Can Cross Country Differences in Return-to-Work After Chronic Occupational Back Pain be Explained? An Exploratory Analysis on Disability Policies in a Six Country Cohort Study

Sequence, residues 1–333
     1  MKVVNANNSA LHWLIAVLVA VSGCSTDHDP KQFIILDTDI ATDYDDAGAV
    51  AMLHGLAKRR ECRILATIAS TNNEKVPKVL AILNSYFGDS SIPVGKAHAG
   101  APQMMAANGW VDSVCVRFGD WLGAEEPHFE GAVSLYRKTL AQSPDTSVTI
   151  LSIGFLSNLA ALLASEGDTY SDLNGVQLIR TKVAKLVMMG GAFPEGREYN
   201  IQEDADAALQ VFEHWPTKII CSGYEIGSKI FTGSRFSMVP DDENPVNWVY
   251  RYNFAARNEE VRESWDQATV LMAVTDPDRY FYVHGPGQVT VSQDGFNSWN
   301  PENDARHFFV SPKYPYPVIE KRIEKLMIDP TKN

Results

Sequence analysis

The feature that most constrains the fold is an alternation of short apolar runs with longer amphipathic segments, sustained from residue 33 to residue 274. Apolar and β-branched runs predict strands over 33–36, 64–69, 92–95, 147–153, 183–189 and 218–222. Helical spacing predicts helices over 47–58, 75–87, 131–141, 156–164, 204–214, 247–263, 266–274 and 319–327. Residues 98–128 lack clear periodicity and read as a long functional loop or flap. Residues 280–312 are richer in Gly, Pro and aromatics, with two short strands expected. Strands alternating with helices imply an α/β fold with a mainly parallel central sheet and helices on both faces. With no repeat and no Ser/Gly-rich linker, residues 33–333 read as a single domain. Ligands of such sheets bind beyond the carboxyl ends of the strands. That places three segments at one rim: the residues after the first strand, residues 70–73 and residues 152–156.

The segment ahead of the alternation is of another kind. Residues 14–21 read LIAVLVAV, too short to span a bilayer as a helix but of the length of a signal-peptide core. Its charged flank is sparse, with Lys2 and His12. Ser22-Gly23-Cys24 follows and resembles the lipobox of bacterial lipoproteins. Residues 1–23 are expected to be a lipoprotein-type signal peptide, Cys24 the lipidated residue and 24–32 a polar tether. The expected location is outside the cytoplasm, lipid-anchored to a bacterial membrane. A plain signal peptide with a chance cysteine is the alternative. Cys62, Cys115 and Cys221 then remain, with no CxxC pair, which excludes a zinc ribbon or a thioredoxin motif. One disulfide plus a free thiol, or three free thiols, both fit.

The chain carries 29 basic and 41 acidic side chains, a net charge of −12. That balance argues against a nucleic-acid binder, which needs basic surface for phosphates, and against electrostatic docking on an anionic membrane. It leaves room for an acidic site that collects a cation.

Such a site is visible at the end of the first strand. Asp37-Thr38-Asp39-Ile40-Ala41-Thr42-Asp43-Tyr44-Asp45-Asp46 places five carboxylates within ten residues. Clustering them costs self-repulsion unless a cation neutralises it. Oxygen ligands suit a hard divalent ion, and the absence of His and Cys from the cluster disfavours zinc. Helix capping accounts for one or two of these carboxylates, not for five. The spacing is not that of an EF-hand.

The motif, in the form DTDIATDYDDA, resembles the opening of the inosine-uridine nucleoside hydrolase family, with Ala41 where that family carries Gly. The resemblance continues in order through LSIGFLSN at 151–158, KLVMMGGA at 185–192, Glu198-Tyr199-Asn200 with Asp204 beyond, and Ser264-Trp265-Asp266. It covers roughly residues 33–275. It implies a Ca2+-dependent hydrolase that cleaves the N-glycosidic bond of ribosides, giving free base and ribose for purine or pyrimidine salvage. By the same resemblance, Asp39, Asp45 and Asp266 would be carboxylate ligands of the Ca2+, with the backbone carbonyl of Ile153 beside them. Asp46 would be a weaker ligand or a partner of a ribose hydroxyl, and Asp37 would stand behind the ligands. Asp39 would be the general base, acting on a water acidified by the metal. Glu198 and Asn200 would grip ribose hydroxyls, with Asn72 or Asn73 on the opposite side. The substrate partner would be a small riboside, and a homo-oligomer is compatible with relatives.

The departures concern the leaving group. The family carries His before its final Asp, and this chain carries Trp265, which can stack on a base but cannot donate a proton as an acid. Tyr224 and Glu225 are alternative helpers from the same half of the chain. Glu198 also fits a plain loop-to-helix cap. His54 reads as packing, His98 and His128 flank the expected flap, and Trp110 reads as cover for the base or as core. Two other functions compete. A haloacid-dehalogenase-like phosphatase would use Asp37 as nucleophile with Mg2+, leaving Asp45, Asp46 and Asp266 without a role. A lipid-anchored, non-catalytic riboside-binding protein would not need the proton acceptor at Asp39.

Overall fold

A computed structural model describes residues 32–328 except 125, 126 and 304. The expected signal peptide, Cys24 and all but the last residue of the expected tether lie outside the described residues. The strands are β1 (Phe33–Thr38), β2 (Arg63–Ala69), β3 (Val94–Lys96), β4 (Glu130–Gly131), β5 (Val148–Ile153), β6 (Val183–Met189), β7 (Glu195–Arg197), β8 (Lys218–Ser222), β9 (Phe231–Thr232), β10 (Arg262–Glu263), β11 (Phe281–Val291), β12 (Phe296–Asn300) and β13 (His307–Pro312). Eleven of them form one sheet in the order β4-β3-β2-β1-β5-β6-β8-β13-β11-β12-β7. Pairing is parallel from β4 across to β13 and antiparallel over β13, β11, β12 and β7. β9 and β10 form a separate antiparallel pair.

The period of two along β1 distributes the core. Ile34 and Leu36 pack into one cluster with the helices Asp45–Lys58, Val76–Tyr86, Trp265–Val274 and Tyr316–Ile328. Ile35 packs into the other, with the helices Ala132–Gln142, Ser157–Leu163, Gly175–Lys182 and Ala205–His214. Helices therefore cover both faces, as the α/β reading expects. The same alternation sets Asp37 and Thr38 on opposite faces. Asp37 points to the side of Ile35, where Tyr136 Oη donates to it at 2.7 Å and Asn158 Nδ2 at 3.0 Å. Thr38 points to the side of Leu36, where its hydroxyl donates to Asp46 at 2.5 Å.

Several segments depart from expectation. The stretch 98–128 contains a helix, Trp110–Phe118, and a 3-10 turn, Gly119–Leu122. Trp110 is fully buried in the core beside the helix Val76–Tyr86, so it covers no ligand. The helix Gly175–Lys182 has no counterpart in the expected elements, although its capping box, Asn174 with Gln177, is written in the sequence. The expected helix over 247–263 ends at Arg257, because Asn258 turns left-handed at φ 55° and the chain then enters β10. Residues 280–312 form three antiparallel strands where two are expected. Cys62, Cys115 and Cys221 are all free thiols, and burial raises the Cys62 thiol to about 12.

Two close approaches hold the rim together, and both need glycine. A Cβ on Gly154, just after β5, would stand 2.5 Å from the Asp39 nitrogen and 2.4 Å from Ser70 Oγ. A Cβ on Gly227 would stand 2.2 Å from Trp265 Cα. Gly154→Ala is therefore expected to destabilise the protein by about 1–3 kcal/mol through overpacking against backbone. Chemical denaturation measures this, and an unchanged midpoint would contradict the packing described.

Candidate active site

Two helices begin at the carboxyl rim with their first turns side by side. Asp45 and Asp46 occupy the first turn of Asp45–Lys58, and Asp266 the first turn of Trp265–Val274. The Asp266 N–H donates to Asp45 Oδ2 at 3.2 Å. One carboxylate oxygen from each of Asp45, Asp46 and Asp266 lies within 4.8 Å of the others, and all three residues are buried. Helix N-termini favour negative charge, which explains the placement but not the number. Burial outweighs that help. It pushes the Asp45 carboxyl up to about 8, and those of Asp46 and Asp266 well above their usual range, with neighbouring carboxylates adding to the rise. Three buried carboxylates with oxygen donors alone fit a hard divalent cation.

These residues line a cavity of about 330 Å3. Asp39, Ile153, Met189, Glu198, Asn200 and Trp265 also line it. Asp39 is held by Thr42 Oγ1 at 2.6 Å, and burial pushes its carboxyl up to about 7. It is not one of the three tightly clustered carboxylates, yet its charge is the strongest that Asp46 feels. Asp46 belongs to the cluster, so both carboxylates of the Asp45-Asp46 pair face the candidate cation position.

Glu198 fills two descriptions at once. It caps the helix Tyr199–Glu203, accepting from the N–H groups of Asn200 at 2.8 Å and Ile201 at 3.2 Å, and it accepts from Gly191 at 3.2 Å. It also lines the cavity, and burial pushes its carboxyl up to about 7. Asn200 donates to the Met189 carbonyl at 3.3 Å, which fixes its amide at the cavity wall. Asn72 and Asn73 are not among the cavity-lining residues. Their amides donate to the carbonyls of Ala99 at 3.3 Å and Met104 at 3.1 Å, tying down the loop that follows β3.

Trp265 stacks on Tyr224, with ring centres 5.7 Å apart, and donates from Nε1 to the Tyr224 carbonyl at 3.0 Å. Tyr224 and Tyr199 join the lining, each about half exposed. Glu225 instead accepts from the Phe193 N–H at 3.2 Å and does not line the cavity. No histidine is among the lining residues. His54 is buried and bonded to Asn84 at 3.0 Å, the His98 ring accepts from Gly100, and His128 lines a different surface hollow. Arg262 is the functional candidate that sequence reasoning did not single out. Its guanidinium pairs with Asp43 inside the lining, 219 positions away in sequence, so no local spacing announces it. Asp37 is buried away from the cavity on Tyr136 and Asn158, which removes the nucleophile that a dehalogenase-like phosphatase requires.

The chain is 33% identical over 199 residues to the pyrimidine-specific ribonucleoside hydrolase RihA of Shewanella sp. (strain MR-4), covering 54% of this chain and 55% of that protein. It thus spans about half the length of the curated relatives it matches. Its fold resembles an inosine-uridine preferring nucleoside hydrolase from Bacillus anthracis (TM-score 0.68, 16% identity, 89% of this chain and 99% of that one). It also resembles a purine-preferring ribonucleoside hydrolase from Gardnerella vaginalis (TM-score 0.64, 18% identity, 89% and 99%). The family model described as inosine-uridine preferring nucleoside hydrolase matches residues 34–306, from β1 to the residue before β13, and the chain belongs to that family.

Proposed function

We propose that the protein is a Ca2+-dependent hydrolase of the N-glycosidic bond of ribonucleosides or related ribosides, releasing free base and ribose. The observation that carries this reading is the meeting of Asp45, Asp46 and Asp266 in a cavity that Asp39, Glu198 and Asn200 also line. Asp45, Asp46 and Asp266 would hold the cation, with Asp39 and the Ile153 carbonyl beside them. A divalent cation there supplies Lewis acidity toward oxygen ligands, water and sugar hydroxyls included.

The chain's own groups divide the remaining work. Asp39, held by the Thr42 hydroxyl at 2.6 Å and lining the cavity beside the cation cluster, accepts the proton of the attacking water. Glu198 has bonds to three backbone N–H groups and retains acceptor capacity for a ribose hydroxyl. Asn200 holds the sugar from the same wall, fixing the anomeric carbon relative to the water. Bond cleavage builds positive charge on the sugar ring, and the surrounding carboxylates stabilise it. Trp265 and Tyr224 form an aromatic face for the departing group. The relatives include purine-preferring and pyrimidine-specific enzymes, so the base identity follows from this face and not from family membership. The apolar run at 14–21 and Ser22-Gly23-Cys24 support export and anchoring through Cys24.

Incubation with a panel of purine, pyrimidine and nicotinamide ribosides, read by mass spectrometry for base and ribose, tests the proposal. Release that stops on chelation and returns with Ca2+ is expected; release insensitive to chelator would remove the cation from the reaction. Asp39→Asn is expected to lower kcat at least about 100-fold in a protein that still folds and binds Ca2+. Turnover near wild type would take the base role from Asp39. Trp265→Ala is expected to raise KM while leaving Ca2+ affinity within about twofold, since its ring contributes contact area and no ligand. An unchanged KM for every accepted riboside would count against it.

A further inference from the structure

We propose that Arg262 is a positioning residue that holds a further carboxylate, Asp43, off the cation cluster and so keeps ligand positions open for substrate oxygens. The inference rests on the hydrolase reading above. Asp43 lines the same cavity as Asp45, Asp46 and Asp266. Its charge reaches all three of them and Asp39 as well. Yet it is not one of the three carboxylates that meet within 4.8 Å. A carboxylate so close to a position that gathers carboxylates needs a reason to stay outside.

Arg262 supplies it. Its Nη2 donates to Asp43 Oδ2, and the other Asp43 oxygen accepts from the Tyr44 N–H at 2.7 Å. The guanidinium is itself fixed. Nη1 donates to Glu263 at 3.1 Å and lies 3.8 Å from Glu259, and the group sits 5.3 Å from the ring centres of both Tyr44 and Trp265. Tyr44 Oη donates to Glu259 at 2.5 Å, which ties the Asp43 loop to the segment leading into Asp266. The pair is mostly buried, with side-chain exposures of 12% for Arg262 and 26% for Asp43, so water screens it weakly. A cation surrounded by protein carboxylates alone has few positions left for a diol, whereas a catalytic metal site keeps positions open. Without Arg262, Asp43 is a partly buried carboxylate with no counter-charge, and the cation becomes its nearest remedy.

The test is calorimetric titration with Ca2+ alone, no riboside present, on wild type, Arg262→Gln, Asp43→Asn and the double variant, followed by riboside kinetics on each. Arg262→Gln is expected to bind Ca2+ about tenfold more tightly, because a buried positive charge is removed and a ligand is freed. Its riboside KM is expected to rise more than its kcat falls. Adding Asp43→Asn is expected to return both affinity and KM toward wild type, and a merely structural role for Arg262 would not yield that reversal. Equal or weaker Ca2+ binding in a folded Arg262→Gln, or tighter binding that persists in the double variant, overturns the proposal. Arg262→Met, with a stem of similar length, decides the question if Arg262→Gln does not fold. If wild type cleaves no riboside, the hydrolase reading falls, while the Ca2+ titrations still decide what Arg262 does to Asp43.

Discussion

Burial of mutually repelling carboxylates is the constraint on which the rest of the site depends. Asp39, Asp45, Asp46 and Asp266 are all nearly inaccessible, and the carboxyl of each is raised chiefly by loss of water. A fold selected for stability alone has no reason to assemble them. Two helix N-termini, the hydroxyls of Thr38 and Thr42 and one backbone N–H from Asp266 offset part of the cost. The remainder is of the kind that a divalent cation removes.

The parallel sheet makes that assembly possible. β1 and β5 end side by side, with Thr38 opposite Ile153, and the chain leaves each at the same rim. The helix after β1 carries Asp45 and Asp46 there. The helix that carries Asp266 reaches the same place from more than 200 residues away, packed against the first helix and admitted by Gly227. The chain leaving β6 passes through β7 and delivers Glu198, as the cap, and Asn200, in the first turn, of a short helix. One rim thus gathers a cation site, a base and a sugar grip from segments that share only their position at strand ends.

Introduction There are substantial differences in the number of disability benefits for occupational low back pain (LBP) among countries. There are also large cross country differences in disability policies. According to the Organization for Economic Cooperation and Development (OECD) there are two principal policy approaches: countries which have an emphasis on a compensation policy approach or countries with an emphasis on an reintegration policy approach. The International Social Security Association initiated this study to explain differences in return-to-work (RTW) among claimants with long term sick leave due to LBP between countries with a special focus on the effect of different disability policies. Methods A multinational cohort of 2,825 compensation claimants off work for 3–4 months due to LBP was recruited in Denmark, Germany, Israel, the Netherlands, Sweden, and the United States. Relevant predictors and interventions were measured at 3 months, one and 2 years after the start of sick leave. The main outcome measure was duration until sustainable RTW (i.e. working after 2 years). Multivariate analyses were conducted to explain differences in sustainable RTW between countries and to explore the effect of different disability policies. Results Medical and work interventions varied considerably between countries. Sustainable RTW ranged from 22% in the German cohort up to 62% in the Dutch cohort after 2 years of follow-up. Work interventions and job characteristics contributed most to these differences. Patient health, medical interventions and patient characteristics were less important. In addition, cross-country differences in eligibility criteria for entitlement to long-term and/or partial disability benefits contributed to the observed differences in sustainable RTW rates: less strict criteria are more effective. The model including various compensation policy variables explained 48% of the variance. Conclusions Large cross-country differences in sustainable RTW after chronic LBP are mainly explained by cross-country differences in applied work interventions. Differences in eligibility criteria for long term disability benefits contributed also to the differences in RTW. This study supports OECD policy recommendations: Individual packages of work interventions and flexible (partial) disability benefits adapted to the individual needs and capacities are important for preventing work disability due to LBP.